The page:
OVERCHARGED, 20 YR offer on NO PRIORS, Brief explanation of what happened, need advice please !!!!

Asked over 2 years ago - Tallahassee, FL

(B) has no priors, holds a good job, is young but over 25, was in college when this situation happened, but now has been working at home on House arrest.

(A) was talking bad about (B) at a bar they were at. After the bar had closed, (B) was leaving and heading out the entrance when he saw (A) heading towards his car saying things. (B) said he saw (A) pulling out an object, thinking its a weapon. (B) always has an object in his car he always keeps in there for protection, it is not a gun or knife. (B) was very very drunk, could barely talk right. (B) began to fight (A) with the object. (A) was not even knocked unconscious, police reports tell that as well. after the fight (A) and (B) exchanged brief words & (B) left and was later arrested & bonded out on attempted murder, probly

Additional information

Bc of the injuries.Aggrevated battery should be the charge,but the "victim" not innocent either &prosecution is pushing for the highest charge.We just hired a new defense right after the 1st plea was offered,he is a homicide trial atty.He is very busy &that's why I'm on here.All that has been happening is the judge,prosecutor & victim talk,that's it.I feel like when we have all of our things together it's going to be an explosion,however,the prosecutor due to her 2nd offer, 20 yrs, looks like she won't change her mind, because the "victim" keeps lying about how many times he was hit, that he was knocked unconcious when police reports disqualify that.(B) has been told by counsel to not say anything. Do you think that there will be any chances of lower offers?Any charges dropped? If we take it to trial which it looks like now,would it be a conviction of ATT. MUR. Or guilty to the AGG. BAT. Charge?Any hope?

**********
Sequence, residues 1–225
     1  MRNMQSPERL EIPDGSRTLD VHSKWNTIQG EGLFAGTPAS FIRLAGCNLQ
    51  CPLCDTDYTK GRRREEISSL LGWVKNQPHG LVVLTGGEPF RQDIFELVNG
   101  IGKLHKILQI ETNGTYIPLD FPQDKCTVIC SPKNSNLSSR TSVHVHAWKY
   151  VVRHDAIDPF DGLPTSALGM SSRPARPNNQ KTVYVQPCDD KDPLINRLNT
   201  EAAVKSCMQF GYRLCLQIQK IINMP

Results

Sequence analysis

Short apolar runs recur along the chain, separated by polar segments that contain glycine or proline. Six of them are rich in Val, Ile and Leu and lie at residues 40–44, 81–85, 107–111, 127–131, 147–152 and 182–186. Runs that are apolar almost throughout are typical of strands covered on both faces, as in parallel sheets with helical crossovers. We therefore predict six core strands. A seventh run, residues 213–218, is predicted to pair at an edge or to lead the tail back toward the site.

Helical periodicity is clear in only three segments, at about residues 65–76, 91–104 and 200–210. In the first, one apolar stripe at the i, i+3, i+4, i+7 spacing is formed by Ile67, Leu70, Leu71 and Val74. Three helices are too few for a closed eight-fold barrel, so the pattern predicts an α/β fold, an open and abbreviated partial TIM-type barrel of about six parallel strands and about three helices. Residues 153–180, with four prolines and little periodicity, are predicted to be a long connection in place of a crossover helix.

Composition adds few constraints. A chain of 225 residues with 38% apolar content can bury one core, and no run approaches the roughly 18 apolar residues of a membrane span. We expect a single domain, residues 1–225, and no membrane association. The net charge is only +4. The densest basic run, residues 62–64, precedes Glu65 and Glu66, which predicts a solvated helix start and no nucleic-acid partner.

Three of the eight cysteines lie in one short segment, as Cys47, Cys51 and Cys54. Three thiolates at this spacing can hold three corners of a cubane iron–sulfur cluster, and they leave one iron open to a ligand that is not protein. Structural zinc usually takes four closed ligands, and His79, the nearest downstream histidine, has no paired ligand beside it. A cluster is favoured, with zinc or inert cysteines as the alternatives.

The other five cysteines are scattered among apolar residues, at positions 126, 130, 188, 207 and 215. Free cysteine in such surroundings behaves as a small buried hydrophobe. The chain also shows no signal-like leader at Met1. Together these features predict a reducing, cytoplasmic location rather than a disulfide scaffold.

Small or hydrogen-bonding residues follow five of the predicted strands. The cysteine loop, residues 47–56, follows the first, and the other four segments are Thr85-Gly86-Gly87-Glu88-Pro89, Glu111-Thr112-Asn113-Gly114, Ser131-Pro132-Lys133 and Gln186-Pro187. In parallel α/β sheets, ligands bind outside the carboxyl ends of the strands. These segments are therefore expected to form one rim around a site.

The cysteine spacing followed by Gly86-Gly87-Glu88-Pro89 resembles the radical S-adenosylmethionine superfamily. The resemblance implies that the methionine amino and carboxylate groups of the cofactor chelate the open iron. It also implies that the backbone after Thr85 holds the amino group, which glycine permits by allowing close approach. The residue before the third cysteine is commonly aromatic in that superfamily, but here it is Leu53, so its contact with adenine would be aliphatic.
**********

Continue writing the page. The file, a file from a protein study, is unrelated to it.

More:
Attorney answers (4)

  1. Richard Earl Hornsby

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    Answered . Agreed, your question is too involved for an attorney to give you a competent answer on the internet. You need to sit down with your new attorney and have him explain the logic. Every case is different and has unique facts.

  2. Mitchell Scott Sexner